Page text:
Once you graduate you are cast out into the cold world of life without Lexis or Westlaw.  You might end up working in a place that has one of those databases, or you might strike out on your own.  Here are some tips on how to survive:

  • Most state bar associations have a free low-cost legal research database that they offer with bar membership.  In Massachusetts that is Casemaker.  You can sign-up for a Casemaker account as a law student to get familiar with this database.
  • Most states have a well-developed trial court library system that is open to bar members. In Massachusetts the Massachusetts Trial Court Libraries offer access to HeinOnline, Nolo Books, online newspapers and a variety of other online databases with remote access to their members.
  • Some libraries have stand-alone Lexis or Westlaw terminals that you can use in the library.  In Massachusetts that is true of the Social Law Library and the Massachusetts Trial Court Libraries.
  • State Practice Guides and CLE publications can be crucial to getting the answer to a legal question quickly .  In Massachusetts most legal libraries will have the Massachusetts Practice Series.  MCLEs, Massachusetts Continuing Legal Education publications, are available on Bloomberg Law and LoisLaw, both relatively low cost alternatives to Lexis and Westlaw.  Both Bloomberg Law and LoisLaw are available through the library for you to practice.
  • There are four main low-cost legal platforms that might appeal to a solo lawyer: Bloomberg Law, Casemaker, Fastcase and Loislaw.  Of these, Bloomberg Law is the biggest with all the primary source material you need plus MCLEs, real-time dockets and Bloomberg news.  They currently offer a flat rate of $450/lawyer/month.  This is comparable to Casemaker and Fastcase, with Loislaw being a little more expensive.  Casemaker is probably the most favorably reviewed of the three others, and 27 states offer it with bar membership.  The others generally offer Fastcase.  Loislaw has been encountered by students in government workplaces.  The main drawback of these low-cost alternatives is they don’t offer well developed updating tools like Keycite and Shepards.  The other drawback is that with the exception of Bloomberg (and Loislaw for a price) they don’t offer secondary source materials.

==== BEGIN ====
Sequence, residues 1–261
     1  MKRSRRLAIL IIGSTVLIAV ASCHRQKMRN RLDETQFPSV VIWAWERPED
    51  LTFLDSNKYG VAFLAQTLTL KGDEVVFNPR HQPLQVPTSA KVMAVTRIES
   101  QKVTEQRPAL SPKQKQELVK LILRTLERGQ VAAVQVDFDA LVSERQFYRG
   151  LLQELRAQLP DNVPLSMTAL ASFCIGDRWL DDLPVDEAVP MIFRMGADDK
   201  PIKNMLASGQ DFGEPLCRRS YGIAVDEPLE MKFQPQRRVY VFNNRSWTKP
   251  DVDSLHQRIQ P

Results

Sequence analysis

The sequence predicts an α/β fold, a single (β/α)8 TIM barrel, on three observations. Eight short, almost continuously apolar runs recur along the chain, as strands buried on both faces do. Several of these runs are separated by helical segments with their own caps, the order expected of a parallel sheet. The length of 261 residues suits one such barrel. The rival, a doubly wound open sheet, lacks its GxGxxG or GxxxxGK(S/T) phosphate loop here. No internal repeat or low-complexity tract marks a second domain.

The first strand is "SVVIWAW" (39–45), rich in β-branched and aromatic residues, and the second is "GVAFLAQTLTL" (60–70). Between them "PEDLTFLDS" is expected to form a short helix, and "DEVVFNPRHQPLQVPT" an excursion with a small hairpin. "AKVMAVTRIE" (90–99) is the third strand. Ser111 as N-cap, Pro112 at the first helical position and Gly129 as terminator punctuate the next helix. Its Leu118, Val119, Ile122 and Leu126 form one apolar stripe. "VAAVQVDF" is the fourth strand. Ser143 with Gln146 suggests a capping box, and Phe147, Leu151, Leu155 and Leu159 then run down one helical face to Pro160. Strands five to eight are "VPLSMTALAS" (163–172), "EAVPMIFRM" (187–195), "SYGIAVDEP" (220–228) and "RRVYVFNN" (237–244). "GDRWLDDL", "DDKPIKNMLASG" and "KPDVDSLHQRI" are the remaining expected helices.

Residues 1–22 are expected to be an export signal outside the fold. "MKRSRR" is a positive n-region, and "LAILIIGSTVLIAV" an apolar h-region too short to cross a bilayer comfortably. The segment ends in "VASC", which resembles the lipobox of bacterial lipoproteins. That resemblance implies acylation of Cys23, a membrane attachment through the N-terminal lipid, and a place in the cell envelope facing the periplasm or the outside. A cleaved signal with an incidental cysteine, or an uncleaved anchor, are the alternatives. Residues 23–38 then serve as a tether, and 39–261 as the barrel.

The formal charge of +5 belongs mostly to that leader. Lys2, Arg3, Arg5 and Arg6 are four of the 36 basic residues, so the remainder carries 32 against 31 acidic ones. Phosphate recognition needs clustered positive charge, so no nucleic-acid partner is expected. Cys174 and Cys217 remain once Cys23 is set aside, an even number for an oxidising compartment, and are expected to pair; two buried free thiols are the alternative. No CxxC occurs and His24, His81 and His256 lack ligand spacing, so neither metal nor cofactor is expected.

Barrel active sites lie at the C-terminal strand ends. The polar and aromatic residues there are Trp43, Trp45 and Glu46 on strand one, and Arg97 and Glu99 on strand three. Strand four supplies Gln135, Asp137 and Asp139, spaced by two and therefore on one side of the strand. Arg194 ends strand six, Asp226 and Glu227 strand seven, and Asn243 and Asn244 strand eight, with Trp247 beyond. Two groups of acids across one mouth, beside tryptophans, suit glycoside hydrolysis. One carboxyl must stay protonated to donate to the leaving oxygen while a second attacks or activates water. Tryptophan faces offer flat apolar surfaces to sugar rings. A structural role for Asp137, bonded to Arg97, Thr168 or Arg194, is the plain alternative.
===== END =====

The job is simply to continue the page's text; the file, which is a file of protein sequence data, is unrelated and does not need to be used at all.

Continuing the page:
• Finally, Westlaw and Lexis will negotiate with solos, but it seems advisable to take a negotiating class before trying that because there are no fixed prices in Lexis and Westlaw land.

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Jan 30 2014

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“That’s all Greek to me!” Or, Foreign Legal Research.

Researching a foreign jurisdiction—-and no I don’t mean California—can be a daunting task. Issues of language, availability of materials and or course legal regime can pose seemingly insurmountable hurdles.  Luckily the Law Library has a robust suite of databases and research guides to get you started and provide direction.  Additionally, we will offer two sessions of “Library Skills for Practice” training entitled, Foreign Legal Research” on February 6th and 7th at 1 pm in room 332. Click HERE for details.

Here are some useful resources to consider when approaching a research task in a foreign jurisdiction:

The Foreign Law Guide is a fantastic starting place of introduction. It offers “relevant information on sources of foreign law, including complete bibliographic citations to legislation, English translations and selected references to secondary sources.”

Each country has a home landing page that looks like this— note that in addition to the main title headings there is the ability to search laws by subject:

FLG image

vLex Global has collected legal documents (statutes and cases) from many government websites and added some secondary source materials to create a single database.  It allows searching across various countries and there is a customized Google translate overlay.

The Constitute Project discussed on this blog recently is a fantastic way to search foreign Constitutions for free and, uniquely, by topic.

We have three International Encyclopaedia of Laws: Constitutional Law, Cyber Law and Intellectual Property which provide comprehensive secondary source material and anaylsis in their respective focus areas.